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What You Need to Know about Pa.’s Money Transmitter License Changes

By Todd Bryant, Bryant Surety Bonds

Money transmitters in Pennsylvania are facing a number of new licensing requirements in 2017 that also apply to transmitters are renewing their licenses.

Similar to other states, such as South Carolina which introduced a bond requirement last year, and Alabama, money transmitters in Pennsylvania are now required to obtain a money transmitter bond when getting licensed.

Read on for a brief overview of the changes to the licensing process and its requirements.

Provisions of Act 129

Act 129 amends the 1965 Money Transmission Business Licensing Law in the state. The new law creates major changes to the field of money transmission. It’s explicitly concerned with the regulation of transactions made on behalf of individuals, which makes it a consumer protection statute.

Money transmitters are defined by the statute as those individuals who “engage in the business of transmitting money by means of a transmittal instrument for a fee or other consideration with or on behalf of an individual.”

The law also introduces and amends provisions regarding the qualifications for licensure as a money transmitter, and how to apply for or renew a license. It further specifies the terms of the money transmitter license and the conditions under which it may be suspended, revoked or refused.

Among those, the revised money transmitter bond requirement and the newly introduced application fee stand out.

New Bond and Licensing Requirement

According to §6(a)(3) of Act 129, as of Jan. 2, 2017, Pennsylvania money transmitters must now obtain a $1 million surety bond in order to be eligible to get licensed in the state. While this amount is not new, previous legislation allowed for license applicants to deposit other types of security, such as notes and debentures. This possibility has now been repealed.

Moreover, the act also specifies that unlike previously, the Pennsylvania Department of Banking and Securities (DOBS) may in certain cases require applicants to obtain an additional bond if it deems the first bond to be inadequate.

According to §6(b.1), when required, this additional bond will be in “an amount up to the average daily outstanding balance of money received for transmission in this Commonwealth during the thirty days preceding the department’s requirement plus an additional ten percent of the amount of the average daily outstanding balance subject to the same conditions and the same right of execution provided for in clause (3) of subsection (a).”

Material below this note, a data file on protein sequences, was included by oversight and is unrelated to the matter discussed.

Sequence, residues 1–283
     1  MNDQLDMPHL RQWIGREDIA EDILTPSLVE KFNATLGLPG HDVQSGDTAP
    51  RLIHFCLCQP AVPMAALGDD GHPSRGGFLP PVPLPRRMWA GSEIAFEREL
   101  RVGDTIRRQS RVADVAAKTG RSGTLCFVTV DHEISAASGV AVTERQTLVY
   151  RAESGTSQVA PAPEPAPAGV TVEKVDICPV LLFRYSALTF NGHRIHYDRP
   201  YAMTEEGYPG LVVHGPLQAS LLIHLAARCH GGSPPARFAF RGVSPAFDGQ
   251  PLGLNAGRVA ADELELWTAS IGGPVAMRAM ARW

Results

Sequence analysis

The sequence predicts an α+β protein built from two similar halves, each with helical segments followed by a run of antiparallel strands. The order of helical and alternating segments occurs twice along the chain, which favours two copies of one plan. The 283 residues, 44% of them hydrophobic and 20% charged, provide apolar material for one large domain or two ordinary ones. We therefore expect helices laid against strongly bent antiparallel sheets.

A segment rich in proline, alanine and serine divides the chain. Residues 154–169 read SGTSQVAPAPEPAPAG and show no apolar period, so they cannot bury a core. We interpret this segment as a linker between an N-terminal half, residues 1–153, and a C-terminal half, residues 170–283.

Applicants for a Pennsylvania money transmitter license will now also be required to pay a $5,000 license fee. That same fee will also be due upon applying for a renewal of the license. According to §8, the term of the license will be determined by the department but will not be more than 14 months.

Why Do Money Transmitters Need Surety Bonds?

Since Act 129 is a consumer protection statute, the inclusion of a surety bond requirement is not surprising. The role of surety bonds is to protect the state and the public from business practices that are in violation of state statutes and regulations.

  • 6(a)(3) of the act says that the conditions of the bond are such that bonded transmitters will comply with the provisions of the act as well as the rules and regulations of the DOBS. Under the act, clients of the money transmitter or any person “aggrieved by the misconduct of a licensee” such as a “failure to carry out the terms of any transmittal instrument” may file a claim against the licensee’s bond.

When a claim is filed against a bond, the surety bond company which has issued the bond and is backing it financially will investigate the case, and determine whether and what amount of compensation to extend to claimants. Under the surety bond agreement, the bonded money transmitter must then repay the surety for the compensation it has extended.

The introduction of new bond requirements for money transmitters in Pennsylvania is in line with an overall trend across states to enforce stricter conditions on money transmitter license holders and applicants. As of Aug. 1, 2017, Alabama has also increased its surety bond requirement. Applicants in the state will now need to obtain a bond ranging from a minimum of $100,000 to as much as $5 million for certain cases.

While these requirements may present hurdles for some money transmitters, their ultimate aim is to create a safer market and to significantly reduce any potential damages that may arise for clients of money transmitters.

Todd Bryant is the president and founder of Bryant Surety Bonds, a Pennsylvania-based surety agency with years of experience in helping money transmitters get bonded and start their businesses. What do you think of the new requirements for money transmitters in Pennsylvania? Leave us a comment.

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